Iron Clad Comics Fights Time

The clock is ticking on the lifetime of your comic collection.

But you can fight back!

At the bottom of this article I share the secrets my Iron Clad Comics system, which I have used for more than a decade.

Comics are collectibles classified as “ephemera.”  That means they are impermanent, fragile, and fleeting.  Comic books are “limited edition” prints that owe their value to the demise of their brethren of the same issue. When comics die, the survivors become rare and therefore valuable.

If comic books were made out of cast iron, an Action #1 would not sell for $millions (and would be hard to read, too!)

I collect Silver Age comics which continue to increase in value.

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Comic books are not made of iron

Printed on pulp paper, comic books literally eat themselves by creating acid that further breaks down paper fibers.  The acid cleaves the long fibers into shorter and shorter pieces.

When fibers in paper become short enough, they cease to link together.  In the final stages of acidification, paper becomes “brittle,” crumbling at the slightest touch or vibration, literally turning to dust.

When a comic book becomes brittle, it dies

The gradual process of comic acidification is irreversible and inevitable.

Acidification cannot be stopped, but it CAN be slowed.

The Iron Clad Comics system creates a form of “suspended animation” with the maximum mechanical and chemical protection for comic books.  More on that later.

Along with time, these are immediate dangers for comic books.

Let’s take an inventory of the threats to your comic collection

The most dangerous “Arch Enemies” of Comics

Mothers

Mothers threat to comics

Description:  These otherwise kind beings have discarded and destroyed countless comic collections.  They view comic books as trash, clutter, and a source of dust.  Operating typically at times when the comic owner is absent, these agents of comic destruction are responsible for millions of dollars of comic wealth loss.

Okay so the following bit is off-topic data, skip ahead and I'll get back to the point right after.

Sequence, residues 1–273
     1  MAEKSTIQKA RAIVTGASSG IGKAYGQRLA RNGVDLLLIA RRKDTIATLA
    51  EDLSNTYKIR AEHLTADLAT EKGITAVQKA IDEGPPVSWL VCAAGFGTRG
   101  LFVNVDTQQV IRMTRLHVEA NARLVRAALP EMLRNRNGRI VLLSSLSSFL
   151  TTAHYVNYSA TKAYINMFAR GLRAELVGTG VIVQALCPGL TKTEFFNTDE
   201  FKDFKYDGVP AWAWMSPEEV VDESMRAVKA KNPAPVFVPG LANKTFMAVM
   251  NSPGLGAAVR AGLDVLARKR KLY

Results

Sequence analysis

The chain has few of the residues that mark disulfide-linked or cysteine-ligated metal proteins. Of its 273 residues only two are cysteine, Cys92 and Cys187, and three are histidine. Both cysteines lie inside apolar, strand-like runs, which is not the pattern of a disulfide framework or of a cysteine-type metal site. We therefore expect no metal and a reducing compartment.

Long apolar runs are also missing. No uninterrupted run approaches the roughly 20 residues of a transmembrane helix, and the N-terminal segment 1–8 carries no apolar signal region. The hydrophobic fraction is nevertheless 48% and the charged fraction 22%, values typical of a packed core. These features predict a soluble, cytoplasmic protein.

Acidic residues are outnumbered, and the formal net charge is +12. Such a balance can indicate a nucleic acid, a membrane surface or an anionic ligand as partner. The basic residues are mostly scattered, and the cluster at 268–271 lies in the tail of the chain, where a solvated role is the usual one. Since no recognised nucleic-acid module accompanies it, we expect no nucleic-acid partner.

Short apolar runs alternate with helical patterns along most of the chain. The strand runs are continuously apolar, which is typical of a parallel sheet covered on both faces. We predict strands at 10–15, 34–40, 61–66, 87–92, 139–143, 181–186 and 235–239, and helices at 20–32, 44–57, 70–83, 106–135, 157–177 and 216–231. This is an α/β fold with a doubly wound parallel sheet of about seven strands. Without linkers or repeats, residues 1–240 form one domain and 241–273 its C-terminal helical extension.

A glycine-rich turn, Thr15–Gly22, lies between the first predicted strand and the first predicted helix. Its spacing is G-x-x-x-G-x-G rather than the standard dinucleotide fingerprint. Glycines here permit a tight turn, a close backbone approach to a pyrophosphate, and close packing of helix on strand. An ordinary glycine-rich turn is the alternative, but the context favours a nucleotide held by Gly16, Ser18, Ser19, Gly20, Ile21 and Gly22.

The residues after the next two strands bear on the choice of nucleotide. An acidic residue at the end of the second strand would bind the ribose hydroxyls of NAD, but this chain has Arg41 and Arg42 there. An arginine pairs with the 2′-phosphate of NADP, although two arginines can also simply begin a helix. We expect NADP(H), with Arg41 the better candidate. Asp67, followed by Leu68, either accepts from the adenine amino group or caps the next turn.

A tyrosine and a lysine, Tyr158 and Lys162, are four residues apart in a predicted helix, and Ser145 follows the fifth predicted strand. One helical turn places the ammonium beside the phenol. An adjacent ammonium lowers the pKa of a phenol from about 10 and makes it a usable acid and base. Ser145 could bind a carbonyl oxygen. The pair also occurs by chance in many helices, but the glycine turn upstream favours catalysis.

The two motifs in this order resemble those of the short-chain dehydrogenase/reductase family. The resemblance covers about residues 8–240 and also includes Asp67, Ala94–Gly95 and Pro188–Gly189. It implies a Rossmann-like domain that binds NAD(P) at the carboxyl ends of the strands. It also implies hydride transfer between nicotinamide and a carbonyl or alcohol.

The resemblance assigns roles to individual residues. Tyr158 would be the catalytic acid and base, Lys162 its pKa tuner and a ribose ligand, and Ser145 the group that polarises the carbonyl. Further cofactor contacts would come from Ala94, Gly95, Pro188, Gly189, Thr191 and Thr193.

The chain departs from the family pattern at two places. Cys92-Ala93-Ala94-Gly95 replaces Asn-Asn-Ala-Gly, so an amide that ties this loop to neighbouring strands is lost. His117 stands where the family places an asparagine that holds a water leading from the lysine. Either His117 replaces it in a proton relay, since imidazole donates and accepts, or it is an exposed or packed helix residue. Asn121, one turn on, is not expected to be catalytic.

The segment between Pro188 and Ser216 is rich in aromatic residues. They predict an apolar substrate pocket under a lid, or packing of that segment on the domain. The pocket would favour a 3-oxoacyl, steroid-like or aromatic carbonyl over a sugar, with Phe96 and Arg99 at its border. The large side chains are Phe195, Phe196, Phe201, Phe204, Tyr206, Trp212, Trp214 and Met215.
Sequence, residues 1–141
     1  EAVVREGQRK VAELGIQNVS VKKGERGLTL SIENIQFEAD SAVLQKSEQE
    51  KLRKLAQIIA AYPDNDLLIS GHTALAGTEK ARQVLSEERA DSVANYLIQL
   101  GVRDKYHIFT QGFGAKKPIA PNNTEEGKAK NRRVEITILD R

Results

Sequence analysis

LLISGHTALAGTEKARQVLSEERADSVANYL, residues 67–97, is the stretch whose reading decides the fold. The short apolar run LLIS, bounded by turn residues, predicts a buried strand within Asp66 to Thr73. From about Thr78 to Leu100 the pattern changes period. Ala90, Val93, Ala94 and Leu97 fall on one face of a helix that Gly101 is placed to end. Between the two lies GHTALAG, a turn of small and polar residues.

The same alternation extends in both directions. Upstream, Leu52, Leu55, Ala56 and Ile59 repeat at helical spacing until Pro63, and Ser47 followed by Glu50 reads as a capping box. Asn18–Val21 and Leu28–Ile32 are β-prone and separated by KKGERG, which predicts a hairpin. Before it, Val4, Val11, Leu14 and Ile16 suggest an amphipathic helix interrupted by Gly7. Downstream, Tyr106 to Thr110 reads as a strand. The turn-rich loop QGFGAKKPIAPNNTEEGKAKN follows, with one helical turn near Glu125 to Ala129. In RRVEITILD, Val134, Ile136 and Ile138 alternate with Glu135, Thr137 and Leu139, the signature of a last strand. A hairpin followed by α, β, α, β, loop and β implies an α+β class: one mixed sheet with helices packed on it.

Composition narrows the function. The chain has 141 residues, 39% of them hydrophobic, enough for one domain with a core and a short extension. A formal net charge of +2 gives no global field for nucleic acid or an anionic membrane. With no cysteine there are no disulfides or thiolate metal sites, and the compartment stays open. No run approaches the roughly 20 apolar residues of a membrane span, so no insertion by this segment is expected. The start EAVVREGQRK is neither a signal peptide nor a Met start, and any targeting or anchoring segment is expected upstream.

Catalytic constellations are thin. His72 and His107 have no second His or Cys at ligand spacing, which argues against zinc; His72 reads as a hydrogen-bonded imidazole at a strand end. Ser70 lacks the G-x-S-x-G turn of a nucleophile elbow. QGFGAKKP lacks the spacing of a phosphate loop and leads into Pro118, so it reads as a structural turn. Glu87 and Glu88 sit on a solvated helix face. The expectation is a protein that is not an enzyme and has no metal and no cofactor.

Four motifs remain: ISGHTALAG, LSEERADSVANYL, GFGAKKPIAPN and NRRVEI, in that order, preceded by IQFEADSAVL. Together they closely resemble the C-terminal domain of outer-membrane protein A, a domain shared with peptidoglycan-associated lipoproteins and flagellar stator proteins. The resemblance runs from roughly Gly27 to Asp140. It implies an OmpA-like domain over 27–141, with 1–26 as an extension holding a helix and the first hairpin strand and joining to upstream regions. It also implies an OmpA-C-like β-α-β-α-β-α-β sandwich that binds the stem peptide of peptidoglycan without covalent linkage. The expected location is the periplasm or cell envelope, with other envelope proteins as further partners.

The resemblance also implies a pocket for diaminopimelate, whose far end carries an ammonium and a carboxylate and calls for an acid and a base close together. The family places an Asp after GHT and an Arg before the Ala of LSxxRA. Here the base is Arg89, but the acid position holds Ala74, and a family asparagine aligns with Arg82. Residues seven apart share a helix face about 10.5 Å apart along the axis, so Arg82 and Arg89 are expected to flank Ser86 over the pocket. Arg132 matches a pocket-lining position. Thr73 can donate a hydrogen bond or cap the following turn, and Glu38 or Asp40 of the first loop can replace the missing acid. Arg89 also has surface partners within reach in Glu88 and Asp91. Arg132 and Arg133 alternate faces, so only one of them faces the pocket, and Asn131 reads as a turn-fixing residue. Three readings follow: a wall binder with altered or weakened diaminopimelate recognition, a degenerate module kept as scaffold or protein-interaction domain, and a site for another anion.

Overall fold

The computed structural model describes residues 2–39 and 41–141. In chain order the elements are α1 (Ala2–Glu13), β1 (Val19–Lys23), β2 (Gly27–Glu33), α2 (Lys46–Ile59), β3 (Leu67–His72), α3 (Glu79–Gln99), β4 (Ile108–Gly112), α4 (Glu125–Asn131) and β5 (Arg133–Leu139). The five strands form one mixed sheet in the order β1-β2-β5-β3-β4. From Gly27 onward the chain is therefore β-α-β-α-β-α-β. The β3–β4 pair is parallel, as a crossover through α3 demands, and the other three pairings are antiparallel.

Power:  Complete comic collection annihilation in one day of cleaning or “organizing.”

Shield:  Information about the value of comic books.  Publicity and the invention of e-Bay converted many mothers from comic destroyers into comic purveyors, some actually grossly overestimating the value of comics found in closets and basements. Let’s assume for the moment that your mother is not a major threat.

Rodents

Description:  Lower on the phylogenetic scale than mothers, rodents do not hate comics.  They love them as  chew toys, nest material, and rest rooms. Rodents operate mostly at night.

Power:  A single bite from a rodent can drastically reduce the value of a comic book in a split second.  Although not as powerful or fast as mothers, rats and mice can destroy entire collections.

Shield: Mechanical barriers composed of chew-proof material. Cardboard will not stop rodents.

Insectsinsect threat to comic books

Description:  Still farther down the chain of life from mothers and rodents, insects love comics.  As food and housing.

Power: Insects damage comic book paper by eating holes (silverfish) or soiling (cockroaches and others).  Sneaky and insidious, they operate quietly, preferring darkness.

Shield: Mechanical barriers lacking any points of entry.  Cardboard may serve as a deterrent but may be breached by another organism (see rodents).

Mold and Mildew

Description:  Species of fungi that travel through the air as microscopic spores, mold lands and waits for humid conditions to grow on comic books.

Power: Creates stains known by comic book collectors as “foxing,” orange to brown spotting usually near the page edges of comic books, and on covers. The foxing mildew gets its name from (F)errous (Ox)ide which is a chemical name for rust. Powdery mildew is gray or white and indicates very high moisture levels. Mold emits a distinctive musty smell.  It’s not the smell of rodent urine or acid paper, and it means the comics have gotten wet.  Mold requires oxygen to survive.

Shield: Store comics away from moisture and humidity.

Water

Description:  This nefarious enemy of comics can take the form of a liquid or a penetrating vapor, condensing back into liquid when cooled.

Power:  Even a few drops of water can cause ink to migrate, leaving permanent stains.  Water also has mechanical effects of paper. Sources of water?  Duh.  Flooding, broken pipes, leaking roof, condensation — water is all over the place.  But even if you’re smart enough to keep your comic boxes out of the rain, water comes in a more insidious form.  Humidity.  Water vapor actually fuels the chemical reactions that create acid in paper.  And, of course, humidity works in league with mold and mildew.